Keeping a tag or Parkmore progress

Keeping a tag or Parkmore progress

RUNNING a 1,000 ewes across 1,700 acres that rise from 800ft to over 1700ft above sea level means time is precious and modern management tools essential for Co Antrim farmer Ian Crawford at Parkmore Farms.

“Some see hill farming as traditional and unchanging, but that is not really the full story,” explains Ian who farms with his wife Catherine plus sons John and Noel.

“My late grandfather, John, and my father Rodger built up this farm business at Parkmore and enjoyed great success as Scottish Blackface breeders. But times change and our farming business changed to suit commercial realities. That means crossing all our Blackface with modern Bluefaced Leicester tups to produce mule ewe lambs. Next we then put the Texel to all our crossbred ewes, which produces a top quality commercial lamb crop.

“Changing times likewise means using modern management tools such as  the only fully automatic ear tag applicator, the TagFaster, developed in Scotland by Roxan.

“We produce 300 flock replacements for ourselves each year and sell the others, mostly to repeat customers in the yard. As regards the wether lambs these go through local marts fas forward stores to be finished later in the year.”

Reflecting on the move at Parkmore away from being specialist Scottish Blackface breeders John Crawford noted that nowadays the only sheep bought in are some rams. Aside from sheep the Crawfords' other enterprise is a herd of around 30 suckler cows using Limousin, British Blue and Aberdeen Angus genetics.

John explaining that with their lowest land opposite the entrance to Glenariff Forest Park and the highest point Slievenanee Mountain heavier cattle simply would not suit ground and weather conditions. Calves born over March and April are away at the following autumn's single suck sales. Slievenanee at 543m being the second highest mountain in Co Antrim.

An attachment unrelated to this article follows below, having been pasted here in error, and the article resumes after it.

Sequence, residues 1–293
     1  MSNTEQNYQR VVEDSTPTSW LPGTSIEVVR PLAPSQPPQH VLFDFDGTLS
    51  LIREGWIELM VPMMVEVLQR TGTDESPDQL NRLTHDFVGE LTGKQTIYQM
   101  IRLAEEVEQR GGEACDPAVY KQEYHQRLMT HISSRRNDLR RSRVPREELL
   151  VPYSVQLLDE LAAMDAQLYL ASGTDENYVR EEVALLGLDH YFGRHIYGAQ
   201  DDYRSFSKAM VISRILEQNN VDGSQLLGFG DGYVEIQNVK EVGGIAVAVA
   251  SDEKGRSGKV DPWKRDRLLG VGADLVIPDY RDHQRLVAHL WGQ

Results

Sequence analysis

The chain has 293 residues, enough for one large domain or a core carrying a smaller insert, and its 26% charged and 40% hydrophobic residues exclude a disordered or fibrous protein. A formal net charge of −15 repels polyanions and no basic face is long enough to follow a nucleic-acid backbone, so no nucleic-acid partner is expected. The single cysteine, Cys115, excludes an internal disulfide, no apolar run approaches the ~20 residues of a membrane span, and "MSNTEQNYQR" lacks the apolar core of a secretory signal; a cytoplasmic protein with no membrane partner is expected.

His father Ian emphasises the need to have a first rate livestock identification system in place to help manage such a large flock over such as large area.

“With Roxan we know from experience tag retention is brilliant. Indeed we see five year old ewes coming through Ballymena mart that we sold as ewe lambs. And they still have our Roxan ear tags firmly in place.

“And we can instantly tell the age of them and every other sheep back home at a glance as colour coding by year with Roxan is simple.

“ Now we are moving towards using an electronic wand number reader, which will be brilliant in so many time saving ways. For example, when we sell a batch of ewe lambs to a customer the numbers are read within minutes and printed out on site. One copy for the buyer and one for us.

“The Roxan system includes a small portable printer. The numbers can also go back to our farm office laptop. Not wrestling with wet sheep on a wet day reading off numbers is something we will not miss! Nor trying to read smudged numbers on that back of an envelope.

“Aside from the foundation of any good livestock ID system, high tag retention rate, Roxan has the huge bonus of their automatic TagFaster applicator. This handles strips of 20 tags, 10 doubles.

“So gone are the days of footering with pliers. No more stopping to reload after every ear or retrieving tags dropped in the muck.

“This very practical applicator has saved us so much time and made flock management so much simpler. Yet, like most good ideas, the applicator is a simple, sound design made to withstand frequent use. Truly the aptly named TagFaster applicator has made tagging and reading tags a one man and his dog job.

“Looking back just over a decade to when we bought another farm of 180 acres we have had to take on board a lot of changes. It was on that new farm we first moved from the pure hardy Blackface to the mule and discovered that the Texel cross could have a role on the hill. I guess coming from the Netherlands, another country with lots of rain, the breed had a head start in thriving as a crossbred on the Antrim Hills.

“ Nearer Ballymena we also rent about 75 acres of better ground to suit twins and make silage. Again having the Roxan tags and applicators makes life so much simpler with stock away from home, be it on conacre ground or indeed  a 1,000 ft above our farmyard on Slievenanee.

“As in previous generations our aim is to continually breed better sheep be they pedigree or commercial. Roxan is key to the record keeping vital to making that progress,” Ian affirmed.

For details of the Roxan range of livestock ID products used by the Crawford family browse www.roxan.co.uk  or contact Sonia McBride, Roxan NI Business Development Manager at Datamars, Ballycastle,  tel; 07961 603984, e mail [email protected]

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